The Stage 3 June 1971

Tyne Tee’s Controller of Programmes Malcolm Morris has resigned and is to join Thames in August to produce the next series of This Is Your Life. At Thames he will succeed Robert Tyrrell, another former Tyne Tees man.

The departure of Mr Morris comes after criticism of Tyne Tees for a decline in the amount of its locally produced material. Following a report that the ITA would consider taking away the Tyne Tees franchise unless the company returned to its expected amount of local programming, the ITA said that there had been no such threats to Tyne Tees.

This Is Your Life returned to viewer’s screens in 1969 when Eamonn Andrews resurrected his old BBC show with Thames Television. The first two series had been produced by Robert Tyrrell, an old colleague of Malcolm’s at Tyne Tees. When, in 1971, Tyrrell announced he was leaving the show, Brian Tesler, Director of Programmes for Thames, offered Malcolm the vacant position. Malcolm would steer the show for three series, during which time it regularly topped the ratings, and would feature such subjects as footballer George Best and singer Shirley Bassey. He ended his first tenure as producer by surprising, for a second time, the man who had been the programme's very first subject back in 1955 - Eamonn Andrews!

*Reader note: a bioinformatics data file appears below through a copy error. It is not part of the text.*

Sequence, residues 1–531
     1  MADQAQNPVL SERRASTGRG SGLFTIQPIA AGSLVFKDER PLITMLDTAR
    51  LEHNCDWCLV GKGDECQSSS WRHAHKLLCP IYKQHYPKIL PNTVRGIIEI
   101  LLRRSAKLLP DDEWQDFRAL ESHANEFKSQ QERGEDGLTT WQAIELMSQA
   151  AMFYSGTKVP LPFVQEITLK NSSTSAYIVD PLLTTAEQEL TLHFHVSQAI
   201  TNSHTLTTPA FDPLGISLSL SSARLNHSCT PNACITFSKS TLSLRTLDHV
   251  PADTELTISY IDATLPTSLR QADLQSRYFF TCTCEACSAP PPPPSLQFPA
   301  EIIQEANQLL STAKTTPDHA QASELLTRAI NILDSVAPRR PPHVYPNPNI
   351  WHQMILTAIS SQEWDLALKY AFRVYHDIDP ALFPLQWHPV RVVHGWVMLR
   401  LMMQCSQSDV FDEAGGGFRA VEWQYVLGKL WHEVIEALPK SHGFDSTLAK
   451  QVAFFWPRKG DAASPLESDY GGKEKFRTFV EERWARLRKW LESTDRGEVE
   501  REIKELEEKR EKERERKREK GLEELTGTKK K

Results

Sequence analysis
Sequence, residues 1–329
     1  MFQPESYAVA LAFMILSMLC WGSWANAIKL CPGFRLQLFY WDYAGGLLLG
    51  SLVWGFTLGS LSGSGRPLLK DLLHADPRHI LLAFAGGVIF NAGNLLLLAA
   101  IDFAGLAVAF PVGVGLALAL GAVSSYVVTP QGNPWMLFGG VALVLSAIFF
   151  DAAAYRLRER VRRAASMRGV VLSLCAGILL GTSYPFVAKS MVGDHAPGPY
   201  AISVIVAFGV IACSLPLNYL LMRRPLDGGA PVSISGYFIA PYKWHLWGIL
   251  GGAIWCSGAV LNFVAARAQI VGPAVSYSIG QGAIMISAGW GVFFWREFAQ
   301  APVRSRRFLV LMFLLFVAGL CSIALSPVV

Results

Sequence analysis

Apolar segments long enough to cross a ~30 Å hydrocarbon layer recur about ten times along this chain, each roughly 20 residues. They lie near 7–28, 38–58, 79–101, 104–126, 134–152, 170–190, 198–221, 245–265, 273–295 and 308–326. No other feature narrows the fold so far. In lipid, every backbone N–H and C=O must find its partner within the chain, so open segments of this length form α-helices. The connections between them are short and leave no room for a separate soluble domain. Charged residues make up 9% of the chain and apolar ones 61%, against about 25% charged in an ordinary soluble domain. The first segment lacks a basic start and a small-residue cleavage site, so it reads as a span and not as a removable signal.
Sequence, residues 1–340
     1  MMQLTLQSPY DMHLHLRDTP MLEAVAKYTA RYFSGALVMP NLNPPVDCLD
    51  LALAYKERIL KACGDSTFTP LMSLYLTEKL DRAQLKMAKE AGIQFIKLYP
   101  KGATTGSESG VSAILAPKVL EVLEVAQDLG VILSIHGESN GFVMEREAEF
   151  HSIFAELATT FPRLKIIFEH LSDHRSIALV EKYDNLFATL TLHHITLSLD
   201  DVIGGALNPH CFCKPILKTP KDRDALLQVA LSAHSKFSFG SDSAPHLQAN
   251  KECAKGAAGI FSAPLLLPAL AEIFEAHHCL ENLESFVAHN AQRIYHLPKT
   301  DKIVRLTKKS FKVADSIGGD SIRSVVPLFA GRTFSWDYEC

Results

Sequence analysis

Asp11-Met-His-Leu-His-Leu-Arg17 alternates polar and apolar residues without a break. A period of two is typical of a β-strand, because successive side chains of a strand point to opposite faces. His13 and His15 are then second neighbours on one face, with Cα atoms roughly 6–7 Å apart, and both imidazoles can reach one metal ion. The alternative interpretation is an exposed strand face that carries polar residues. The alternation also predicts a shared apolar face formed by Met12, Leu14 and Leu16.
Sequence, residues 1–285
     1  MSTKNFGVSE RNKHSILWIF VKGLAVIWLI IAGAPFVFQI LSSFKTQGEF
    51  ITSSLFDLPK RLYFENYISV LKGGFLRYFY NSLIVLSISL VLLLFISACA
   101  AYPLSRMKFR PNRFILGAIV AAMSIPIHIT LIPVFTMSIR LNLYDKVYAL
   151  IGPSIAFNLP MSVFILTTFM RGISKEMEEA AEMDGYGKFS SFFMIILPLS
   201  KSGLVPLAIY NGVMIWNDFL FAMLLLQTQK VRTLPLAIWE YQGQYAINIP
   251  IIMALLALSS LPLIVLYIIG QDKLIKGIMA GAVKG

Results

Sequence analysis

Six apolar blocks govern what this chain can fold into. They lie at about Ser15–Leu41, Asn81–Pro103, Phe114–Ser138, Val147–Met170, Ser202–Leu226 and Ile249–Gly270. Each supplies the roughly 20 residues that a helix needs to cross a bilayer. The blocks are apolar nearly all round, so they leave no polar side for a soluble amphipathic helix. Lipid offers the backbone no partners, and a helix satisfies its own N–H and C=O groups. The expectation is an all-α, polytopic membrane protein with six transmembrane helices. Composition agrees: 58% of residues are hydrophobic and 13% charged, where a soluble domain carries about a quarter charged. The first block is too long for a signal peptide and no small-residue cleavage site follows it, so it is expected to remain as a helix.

Jack Crawshaw took over the reins as This Is Your Life producer in 1975 to allow Malcolm to take up the rather grand sounding role of Controller of Administration for the Programme Department at Thames, a role with a responsibility of a 30 million pound budget.

Malcolm MorrisMalcolm returned to produce This Is Your Life in 1982 and would stay with the programme until 1996, overseeing the show through some challenging times – notably the death of presenter Eamonn Andrews in 1987, and the move back to BBC Television in 1994.

The programme itself continued to capture the imagination of the viewing public as the television institution it had become, and Malcolm played his part in that success with the introduction of a new presentation style in the shape of new host Michael Aspel, and a broader choice of subjects, with shows recorded in Hollywood and Australia, with names ranging from Alice Faye, Zsa Zsa Gabor, Omar Sharif and Barbara Cartland.

Malcolm retired to Los Angeles, California. He died in February 2016.


Jack Crawshaw

Series Producer Jack Crawshaw was a stalwart of This Is Your Life, working with both Eamonn Andrews and Michael Aspel in two spells totalling 20 years. A former Fleet Street journalist, he was a researcher and writer for Eamonn when the programme was first aired by Thames Television on ITV in 1969.

After four series, interspersed by summer breaks as a founder writer working with Judith Chalmers on the holiday series Wish You Were Here..?, he was appointed Editor of the 'Life' and in 1974 promoted to Producer, leading the team as the programme consistently topped the ratings with audiences of up to, and sometimes more than, 20 million viewers, paying tributes to the likes of Lord Mountbatten, Dame Vera Lynn, Sir Douglas Bader, Sir Garfield Sobers, Eric Sykes and Muhammad Ali.